The Fed’s shift to an aggressive front-load of interest rate hikes came too late to prevent the spread of inflation in the services sector and wages. As such, inflation is likely to remain stubborn at around 4 percent, be less sensitive to interest rate policies and expose the economy to greater risk for accidents from additional policy errors that undermine growth.

The uncertainties facing each of these three economic areas suggest that analysts should be more careful in reassuring us that recessionary pressures will be “short and shallow”. They need to be open, if only to avoid repeating the mistake of prematurely dismissing inflation as transient.

This is especially important because these diverse drivers of recessionary risk make financial fragility more threatening and policy shifts more difficult, including potentially Japan. Get out of interest rate control Policy. The range of possible outcomes is extraordinarily large.

On the one hand, a better policy response, including improving the supply response and protecting the most vulnerable populations, can counteract the global economic slowdown and, in the case of the United States, avert a recession.

On the other hand, additional policy errors and market turmoil can lead to self-reinforcing vicious cycles with rising inflation and rising interest rates, weakening credit and compressed earnings, and stressing market performance.

Judging by market prices, more bond investors are better understanding this, including by refusing to follow the Fed’s interest rate guidance this year. Instead of a sustainable path to higher rates for 2023, they believe recessionary pressures will lead to cuts later this year. If true, government bonds would provide the yield and potential for badly missed portfolio risk mitigation in 2022.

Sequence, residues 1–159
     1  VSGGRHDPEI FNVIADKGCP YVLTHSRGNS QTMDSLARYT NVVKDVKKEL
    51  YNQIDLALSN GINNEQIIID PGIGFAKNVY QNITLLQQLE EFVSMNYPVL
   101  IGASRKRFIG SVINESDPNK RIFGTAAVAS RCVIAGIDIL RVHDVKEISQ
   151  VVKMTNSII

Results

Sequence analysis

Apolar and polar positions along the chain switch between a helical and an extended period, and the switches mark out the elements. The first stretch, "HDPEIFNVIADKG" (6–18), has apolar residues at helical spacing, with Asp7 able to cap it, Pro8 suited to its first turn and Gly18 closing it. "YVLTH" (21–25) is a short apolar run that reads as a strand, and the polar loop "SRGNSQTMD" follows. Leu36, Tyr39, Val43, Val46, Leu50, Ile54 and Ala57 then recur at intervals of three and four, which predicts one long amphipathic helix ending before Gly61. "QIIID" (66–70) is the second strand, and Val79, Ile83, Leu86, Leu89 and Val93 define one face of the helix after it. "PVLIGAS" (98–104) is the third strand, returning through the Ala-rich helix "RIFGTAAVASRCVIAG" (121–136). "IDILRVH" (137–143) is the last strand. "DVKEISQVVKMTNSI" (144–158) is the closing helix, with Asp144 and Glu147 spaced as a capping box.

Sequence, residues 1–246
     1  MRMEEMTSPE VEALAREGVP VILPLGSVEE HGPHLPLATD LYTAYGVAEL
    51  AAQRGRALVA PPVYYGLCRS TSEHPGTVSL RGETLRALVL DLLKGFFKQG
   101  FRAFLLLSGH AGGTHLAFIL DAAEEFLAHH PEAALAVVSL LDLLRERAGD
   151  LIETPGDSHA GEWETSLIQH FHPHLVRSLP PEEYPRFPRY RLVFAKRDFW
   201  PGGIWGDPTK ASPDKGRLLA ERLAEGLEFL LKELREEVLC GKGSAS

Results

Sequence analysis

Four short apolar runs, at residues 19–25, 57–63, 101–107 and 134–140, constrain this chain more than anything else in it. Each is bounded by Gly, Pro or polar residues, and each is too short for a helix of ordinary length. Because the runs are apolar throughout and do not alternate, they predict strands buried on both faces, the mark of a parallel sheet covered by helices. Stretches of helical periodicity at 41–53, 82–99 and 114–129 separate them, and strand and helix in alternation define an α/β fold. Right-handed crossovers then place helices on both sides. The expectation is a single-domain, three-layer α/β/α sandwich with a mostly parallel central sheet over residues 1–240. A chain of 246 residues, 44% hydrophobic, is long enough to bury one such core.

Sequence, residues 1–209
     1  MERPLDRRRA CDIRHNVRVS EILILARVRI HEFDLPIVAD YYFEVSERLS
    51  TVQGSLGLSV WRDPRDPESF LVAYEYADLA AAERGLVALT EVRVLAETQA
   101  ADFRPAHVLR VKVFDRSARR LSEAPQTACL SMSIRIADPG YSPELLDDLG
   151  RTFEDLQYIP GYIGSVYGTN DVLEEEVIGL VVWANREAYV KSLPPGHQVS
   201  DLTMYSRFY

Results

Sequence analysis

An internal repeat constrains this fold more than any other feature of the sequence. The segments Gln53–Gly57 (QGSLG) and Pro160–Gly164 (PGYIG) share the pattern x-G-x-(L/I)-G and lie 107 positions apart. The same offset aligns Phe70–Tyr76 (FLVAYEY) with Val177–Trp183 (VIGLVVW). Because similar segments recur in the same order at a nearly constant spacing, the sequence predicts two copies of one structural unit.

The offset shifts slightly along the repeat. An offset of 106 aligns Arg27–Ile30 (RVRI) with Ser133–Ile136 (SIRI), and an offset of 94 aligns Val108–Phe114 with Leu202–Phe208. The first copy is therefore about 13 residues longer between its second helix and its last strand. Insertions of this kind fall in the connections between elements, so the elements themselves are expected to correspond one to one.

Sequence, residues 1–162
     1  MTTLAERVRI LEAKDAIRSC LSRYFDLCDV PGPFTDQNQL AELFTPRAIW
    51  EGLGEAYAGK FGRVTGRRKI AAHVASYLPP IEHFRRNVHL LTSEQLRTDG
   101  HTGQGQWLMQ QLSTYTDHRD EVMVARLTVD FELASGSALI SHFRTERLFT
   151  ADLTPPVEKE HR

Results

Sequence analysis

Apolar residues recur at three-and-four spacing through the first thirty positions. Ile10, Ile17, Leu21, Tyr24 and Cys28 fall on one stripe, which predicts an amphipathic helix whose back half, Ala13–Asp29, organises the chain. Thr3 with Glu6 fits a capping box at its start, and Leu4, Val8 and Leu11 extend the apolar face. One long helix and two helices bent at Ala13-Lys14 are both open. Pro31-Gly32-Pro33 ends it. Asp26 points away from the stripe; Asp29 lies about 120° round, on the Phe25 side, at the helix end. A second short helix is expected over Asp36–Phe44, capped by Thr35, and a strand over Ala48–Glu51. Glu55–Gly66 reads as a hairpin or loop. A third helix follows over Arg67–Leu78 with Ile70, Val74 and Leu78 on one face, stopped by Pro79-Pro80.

However, parts of the stock market is still weakly bearish pricing. Reconciling these different scenarios is more important than investors. Without better alignment within markets and with policy signals, the positive economic and financial outcomes we all desire will be no less likely. They will also be challenged by the risk of more unpleasant outcomes at a time of less economic and human resilience.

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Macro hedge funds end 2022 higher, investors say, while many others take big losses By Reuters




© Reuters. FILE PHOTO: Traders work on the trading floor of the New York Stock Exchange (NYSE) in New York City, US, January 5, 2023. REUTERS/Andrew Kelly

By Svea Herbst Baylis

NEW YORK (Reuters) – Some hedge funds betting on macroeconomic trends have boasted of double and even triple-digit gains for 2022, while other high-profile companies that have long been on technology stocks have suffered heavy losses in volatile markets, investors said.

Rokos Capital, run by Chris Rokos and one of a handful of so-called global macro companies, gained 51% last year. Fund investors this week, who asked not to be identified, said Brevan Howard Asset Management, the company where Rokos once worked, posted a gain of 20.14% and Caxton Associates returned 16.73%.

Haider Capital Management’s Haider Jupiter Fund rose 193%, an investor said.

Data from hedge fund research showed that many macro managers have avoided crumbling stock markets that have been rocked by rapid interest rate increases and geopolitical turmoil, including the war in Ukraine, to rank among the best performers in the hedge fund industry. The company’s macro index rose 14.2% while the general index of hedge funds fell 4.25%, its first loss since 2018.

Equity hedge funds, where the bulk of the industry’s roughly $3.7 trillion in assets are invested, fared worse with a loss of 10.4%, according to HFR data. And while that beat the broader stock market’s loss of 19.4%, some high-profile funds posted even bigger losses.